On-line version ISSN 1980-5322
Clinics vol.64 no.8 São Paulo 2009
A review of blood substitutes: examining the history, clinical trial results, and ethics of hemoglobin-based oxygen carriers
Jiin-Yu Chen; Michelle Scerbo; George Kramer
Anesthesiology, University of Texas Medical Branch Galveston/TX, USA, Email: email@example.com, Tel: 1 4097723969
The complications associated with acquiring and storing whole blood for transfusions have launched substantial efforts to develop a blood substitute. The history of these efforts involves a complicated mixture of science, ethics, and business. This review focuses on clinical trials of the three hemoglobin-based oxygen carriers (HBOC) that have progressed to Phase II or III clinical trials: HemAssist (Baxter; Deerfield, IL, US), PolyHeme (Northfield; Evanston, IL, US), and Hemopure (Biopure; Cambridge, MA, US). Published animal studies and clinical trials carried out in a perioperative setting have demonstrated that these products successfully transport and deliver oxygen, but all may induce hypertension and lead to unexpectedly low cardiac outputs. Overall, these studies suggest that HBOCs resulted in only modest blood saving during and after surgery, no improvement in mortality and an increased incidence of adverse reactions. To date, the results from these perioperative studies have not led to regulatory approval. All three companies instead chose to focus their efforts on large trials of trauma patients in the pre-hospital setting.
Baxter abandoned the development of HemAssist after a trial in the U.S. was prematurely halted when the first 100 patients showed significantly increased mortality rates as compared to patients treated with blood products. Northfield's PolyHeme trial demonstrated a non-significant trend towards increased mortality and a very modest reduction in the subsequent need for blood. The testing of Biopure's Hemopure for trauma patients has been halted for several years because of FDA concerns over trial design and study justification. Ethical concerns have also been raised regarding the design and implementation of all HBOC clinical trials.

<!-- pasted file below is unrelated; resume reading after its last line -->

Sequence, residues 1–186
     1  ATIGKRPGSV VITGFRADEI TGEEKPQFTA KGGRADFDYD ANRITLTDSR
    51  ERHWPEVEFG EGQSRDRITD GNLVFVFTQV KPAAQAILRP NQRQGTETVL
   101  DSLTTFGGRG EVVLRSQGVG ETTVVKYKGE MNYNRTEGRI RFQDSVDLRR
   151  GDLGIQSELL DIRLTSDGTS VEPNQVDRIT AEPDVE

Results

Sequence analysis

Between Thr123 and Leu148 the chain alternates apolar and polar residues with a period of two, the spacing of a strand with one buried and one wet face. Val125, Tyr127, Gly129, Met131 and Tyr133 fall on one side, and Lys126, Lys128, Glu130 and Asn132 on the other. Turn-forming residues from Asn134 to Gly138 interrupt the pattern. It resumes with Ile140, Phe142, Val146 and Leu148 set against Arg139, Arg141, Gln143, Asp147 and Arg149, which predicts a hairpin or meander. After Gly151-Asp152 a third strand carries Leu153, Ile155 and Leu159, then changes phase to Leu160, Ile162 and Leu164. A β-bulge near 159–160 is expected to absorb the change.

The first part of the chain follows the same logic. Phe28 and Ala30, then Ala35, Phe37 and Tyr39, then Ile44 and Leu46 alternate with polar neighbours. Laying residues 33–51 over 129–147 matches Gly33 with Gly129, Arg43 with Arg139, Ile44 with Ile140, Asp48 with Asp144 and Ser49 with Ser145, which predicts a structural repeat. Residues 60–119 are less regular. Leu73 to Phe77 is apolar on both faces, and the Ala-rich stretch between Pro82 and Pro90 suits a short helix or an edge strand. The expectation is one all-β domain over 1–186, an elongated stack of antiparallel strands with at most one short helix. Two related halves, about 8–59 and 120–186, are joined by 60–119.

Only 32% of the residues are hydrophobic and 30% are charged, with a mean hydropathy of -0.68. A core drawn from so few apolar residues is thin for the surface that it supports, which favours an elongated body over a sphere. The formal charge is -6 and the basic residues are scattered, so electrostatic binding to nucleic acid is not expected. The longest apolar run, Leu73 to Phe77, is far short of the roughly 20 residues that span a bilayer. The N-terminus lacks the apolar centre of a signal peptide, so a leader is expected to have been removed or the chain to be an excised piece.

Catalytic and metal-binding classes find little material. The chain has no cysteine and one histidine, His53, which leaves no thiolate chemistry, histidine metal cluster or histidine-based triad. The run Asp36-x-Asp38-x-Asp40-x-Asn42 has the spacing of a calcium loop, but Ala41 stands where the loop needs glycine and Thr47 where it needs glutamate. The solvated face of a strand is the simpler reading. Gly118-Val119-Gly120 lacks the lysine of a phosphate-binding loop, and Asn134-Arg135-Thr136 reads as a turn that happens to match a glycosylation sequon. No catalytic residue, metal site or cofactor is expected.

Thus, the available evidence suggests that HemAssist, Polyheme, and Hemopure are associated with a significant level of cardiovascular dysfunction. The next generation of HBOCs remains under development.
Keywords: Blood substitute; HBOC; PolyHeme; Hemopure; HemAssist.
Blood transfusions are a life saving intervention, but also have inherent side effects and dangers. Blood donated in the U.S. today is remarkably safe because of the sensitive assays used to detect blood-borne diseases. Despite this, allogeneic blood transfusion still carries a risk of exposure to blood borne pathogens, such as viral hepatitis and HIV. Blood is screened with nucleic acid amplification testing, which has reduced the risk of HIV transmission through donated blood to approximately one in 1.9 million.1 Another complication that can occur with blood transfusions is inaccurate cross-matching, which ran result in antigen binding and subsequent agglutination. Although the incidence of fatal ABO-incompatible transfusions is less than one in 1.5 million transfusions, it remains the leading direct cause of deaths resulting from blood transfusion.2
However, the greatest risk of transfusions may be the alterations they induce in recipients' immunological function. Shortly after trauma resulting from accidents or major surgeries, an individual's immune system is up-regulated. Thus, trauma itself, along with transfusions, can cause cytokine release, including systemic inflammatory response.3 However, as time elapses after trauma has occurred, a patient's immune function will become down-regulated and additional transfusions can further depress neutrophil activity and put the patient at risk of infection. Repeated blood transfusions can lead to serious complications, as the incidence of multiple organ failure (MOF) increases with the amount of blood transfused.4 This finding may result from a severe systemic inflammatory response caused by multiple blood transfusions.
Logistical and practical constraints may reduce blood availability and increase the cost of blood transfusions. Hospitals and blood banks often experience shortages of donated blood. Additionally, the ability to meet the need for blood in a mass casualty situation or in combat casualty care is often limited. Donated and stored red blood cells have a short stored shelf life (42 days) and must be stored in a refrigerated environment. Stored blood also loses 2,3-diphosphoglycerate (2,3-DPG) as time progresses, increasing its oxygen affinity and impairing oxygen unloading capacity in tissues. Thus, the biological limitations, side effects and logistical constraints of blood transfusions underscore the importance of developing a viable blood substitute.